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United States v. Collins

United States District Court, W.D. Washington, Tacoma

December 19, 2019

UNITED STATES OF AMERICA, Plaintiff,
v.
DARVEONTRAE MALIK COLLINS, Defendants.

          ORDER

          THERESA L. FRICKE UNITED STATES MAGISTRATE JUDGE

         THE COURT conducted a hearing under the Bail Reform Act, 18 U.S.C. § 3142(e), (g) on the government's Motion for Detention (Dkt. 6) on December 17, 2019 and determined that detention is appropriate because no condition or combination of conditions will reasonably assure the safety of any other person and the community or reasonably assure the defendant's appearance in court as required.

         The defendant is charged in the United States District Court for the Western District of Washington with six felony counts, three of which are felony drug offenses with a maximum sentence of ten years or more and three of which are related firearms charges. Counts 1, 3, and 5 of the Complaint charge Mr. Collins with possession with intent to distribute a controlled substance-i.e., marijuana, alprazolam, cocaine, and fentanyl-under 18 U.S.C. § 2; 21 U.S.C. §§ 841(a)(1), (b)(1)(C), (b)(1)(D). Counts 2, 4, and 6 charge him with possession of a firearm in furtherance of each of the three drug trafficking crimes charged in Counts 1, 3, and 5, under 18 U.S.C §§ 924(c)(1)(A).

         The defendant is entitled to a presumption of innocence, and under the Bail Reform Act, the Court is required to determine-taking into full consideration the defendant's constitutional rights and that the defendant is presumed innocent-whether the defendant should nevertheless be detained pending trial. United States v. Motamedi, 767 F.2d 1403, 1408 (9th Cir. 1985).

         A presumption of detention applies in Mr. Collins's situation, because the Court is required by 18 U.S.C. § 3142(e)(3)(A), (B) to apply the presumption as to both dangerousness and flight risk when a defendant is charged with a felony drug offense with a maximum sentence of ten years or more, or with possession of a firearm in furtherance of a drug trafficking crime. Dkt. 1. The defendant bears the burden of proffering evidence to overcome the presumption. The government maintains the burden of persuading the Court by a preponderance of the evidence that Mr. Collins is a non-appearance risk, or by clear and convincing evidence that Mr. Collins is a danger to the community. United States v. Hir, 517 F.3d 1081, 1086 (9th Cir. 2008). When the defendant offers evidence to rebut the presumption, that does not mean the presumption is erased; the Court may consider the presumption as an evidentiary finding that militates against the defendant's release and weighs the presumption along with all the factors listed in 18 U.S.C. § 3142(g). Id.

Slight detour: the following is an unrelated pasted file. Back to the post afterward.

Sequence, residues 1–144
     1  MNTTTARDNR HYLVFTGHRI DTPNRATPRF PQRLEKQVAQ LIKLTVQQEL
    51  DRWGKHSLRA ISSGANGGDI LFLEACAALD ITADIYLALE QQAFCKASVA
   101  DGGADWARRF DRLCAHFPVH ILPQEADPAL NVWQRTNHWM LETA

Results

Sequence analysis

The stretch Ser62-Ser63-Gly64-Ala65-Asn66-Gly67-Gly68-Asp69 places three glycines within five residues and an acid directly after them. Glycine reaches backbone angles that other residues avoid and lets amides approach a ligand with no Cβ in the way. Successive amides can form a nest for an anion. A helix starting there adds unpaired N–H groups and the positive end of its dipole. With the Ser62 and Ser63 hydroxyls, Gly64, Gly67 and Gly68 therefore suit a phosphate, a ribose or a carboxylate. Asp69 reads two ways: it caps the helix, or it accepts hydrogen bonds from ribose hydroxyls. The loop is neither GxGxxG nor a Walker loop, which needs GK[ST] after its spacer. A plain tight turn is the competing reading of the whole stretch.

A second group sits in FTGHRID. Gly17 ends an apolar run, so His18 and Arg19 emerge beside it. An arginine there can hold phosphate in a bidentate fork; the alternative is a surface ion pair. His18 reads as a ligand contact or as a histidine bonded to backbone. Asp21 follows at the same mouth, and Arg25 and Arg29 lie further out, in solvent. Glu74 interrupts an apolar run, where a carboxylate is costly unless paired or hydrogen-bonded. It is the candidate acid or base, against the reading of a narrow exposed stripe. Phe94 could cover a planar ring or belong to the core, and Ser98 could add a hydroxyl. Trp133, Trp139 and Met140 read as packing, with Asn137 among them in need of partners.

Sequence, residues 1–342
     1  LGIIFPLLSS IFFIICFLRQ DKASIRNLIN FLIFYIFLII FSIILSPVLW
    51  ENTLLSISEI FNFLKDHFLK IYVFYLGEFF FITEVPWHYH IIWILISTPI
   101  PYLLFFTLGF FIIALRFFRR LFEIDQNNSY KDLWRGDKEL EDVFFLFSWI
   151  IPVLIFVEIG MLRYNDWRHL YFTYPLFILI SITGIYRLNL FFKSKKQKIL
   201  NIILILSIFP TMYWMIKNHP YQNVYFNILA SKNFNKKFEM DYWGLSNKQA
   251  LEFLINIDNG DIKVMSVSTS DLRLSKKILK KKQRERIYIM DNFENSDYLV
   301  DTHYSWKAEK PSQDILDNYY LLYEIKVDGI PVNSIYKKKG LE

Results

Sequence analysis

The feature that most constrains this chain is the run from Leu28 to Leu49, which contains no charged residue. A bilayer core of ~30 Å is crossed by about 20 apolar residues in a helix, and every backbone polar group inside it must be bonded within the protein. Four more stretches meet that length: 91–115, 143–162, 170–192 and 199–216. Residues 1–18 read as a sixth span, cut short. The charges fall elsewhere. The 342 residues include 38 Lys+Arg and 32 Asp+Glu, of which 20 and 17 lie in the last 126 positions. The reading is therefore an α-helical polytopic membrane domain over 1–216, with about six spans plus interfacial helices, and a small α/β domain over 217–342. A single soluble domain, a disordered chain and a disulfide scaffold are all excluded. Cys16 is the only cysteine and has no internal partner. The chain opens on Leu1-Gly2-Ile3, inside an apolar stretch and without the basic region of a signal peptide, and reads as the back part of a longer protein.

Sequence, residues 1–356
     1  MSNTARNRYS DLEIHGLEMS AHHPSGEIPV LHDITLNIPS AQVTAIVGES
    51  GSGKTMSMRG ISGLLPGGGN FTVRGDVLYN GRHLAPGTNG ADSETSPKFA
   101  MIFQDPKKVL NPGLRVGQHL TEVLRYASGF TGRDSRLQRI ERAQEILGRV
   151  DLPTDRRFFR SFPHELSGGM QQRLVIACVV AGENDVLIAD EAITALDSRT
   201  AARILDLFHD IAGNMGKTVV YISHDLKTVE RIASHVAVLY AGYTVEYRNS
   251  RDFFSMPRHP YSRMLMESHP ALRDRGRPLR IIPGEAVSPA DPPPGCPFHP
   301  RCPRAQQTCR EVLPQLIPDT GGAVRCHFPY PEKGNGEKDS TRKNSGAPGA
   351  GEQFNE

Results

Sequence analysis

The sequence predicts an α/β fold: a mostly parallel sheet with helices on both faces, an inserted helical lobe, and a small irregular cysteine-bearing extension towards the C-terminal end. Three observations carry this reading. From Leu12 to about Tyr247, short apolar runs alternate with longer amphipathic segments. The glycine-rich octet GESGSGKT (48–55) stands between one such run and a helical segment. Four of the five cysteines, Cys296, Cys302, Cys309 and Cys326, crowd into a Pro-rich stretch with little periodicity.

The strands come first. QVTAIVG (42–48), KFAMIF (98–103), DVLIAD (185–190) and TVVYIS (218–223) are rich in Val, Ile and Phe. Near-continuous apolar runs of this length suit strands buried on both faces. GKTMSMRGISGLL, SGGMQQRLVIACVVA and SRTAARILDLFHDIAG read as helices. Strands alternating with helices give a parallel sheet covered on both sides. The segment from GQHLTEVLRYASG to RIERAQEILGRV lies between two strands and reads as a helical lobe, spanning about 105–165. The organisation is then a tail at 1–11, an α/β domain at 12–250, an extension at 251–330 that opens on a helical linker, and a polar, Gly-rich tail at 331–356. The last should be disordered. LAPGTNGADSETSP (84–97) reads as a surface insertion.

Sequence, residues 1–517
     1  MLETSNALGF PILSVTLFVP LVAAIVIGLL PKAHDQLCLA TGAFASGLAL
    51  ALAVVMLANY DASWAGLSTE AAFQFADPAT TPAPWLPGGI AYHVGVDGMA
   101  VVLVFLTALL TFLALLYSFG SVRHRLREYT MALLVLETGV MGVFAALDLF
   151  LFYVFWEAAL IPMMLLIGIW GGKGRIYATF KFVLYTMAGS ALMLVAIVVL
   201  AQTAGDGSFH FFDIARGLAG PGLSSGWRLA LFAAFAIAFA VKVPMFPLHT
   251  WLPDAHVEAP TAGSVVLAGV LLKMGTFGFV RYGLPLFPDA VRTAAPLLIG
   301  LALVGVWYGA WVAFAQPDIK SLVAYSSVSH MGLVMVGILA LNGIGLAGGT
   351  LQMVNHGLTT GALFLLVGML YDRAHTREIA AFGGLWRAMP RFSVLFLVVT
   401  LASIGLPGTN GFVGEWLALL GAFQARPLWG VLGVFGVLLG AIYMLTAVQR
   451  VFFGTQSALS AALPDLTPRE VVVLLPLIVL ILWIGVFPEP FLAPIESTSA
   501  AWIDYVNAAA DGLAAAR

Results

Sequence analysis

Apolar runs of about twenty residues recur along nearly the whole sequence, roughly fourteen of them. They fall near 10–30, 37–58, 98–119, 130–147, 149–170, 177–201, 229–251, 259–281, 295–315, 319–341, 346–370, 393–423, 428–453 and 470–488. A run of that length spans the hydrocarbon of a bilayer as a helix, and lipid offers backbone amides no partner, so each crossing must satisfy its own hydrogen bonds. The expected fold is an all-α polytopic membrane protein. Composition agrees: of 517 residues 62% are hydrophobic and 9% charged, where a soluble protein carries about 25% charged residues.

Although the four factors listed in 18 U.S.C. § 3142(g) permit this Court to consider the nature of the offense currently charged, and the evidence of guilt, these factors are considered only in the context of evaluating the likelihood that the person will fail to appear or will pose a danger. United States v. Motamedi, at 1408. Even if a defendant poses a danger to others or to the community, the defendant must be released when the Court determines there would be a “condition or combination of conditions [that] will reasonably assure. . .the safety of any other person and the community.” United States v. Hir, 517 F.3d 1081, 1091-92 (9th Cir. 2008).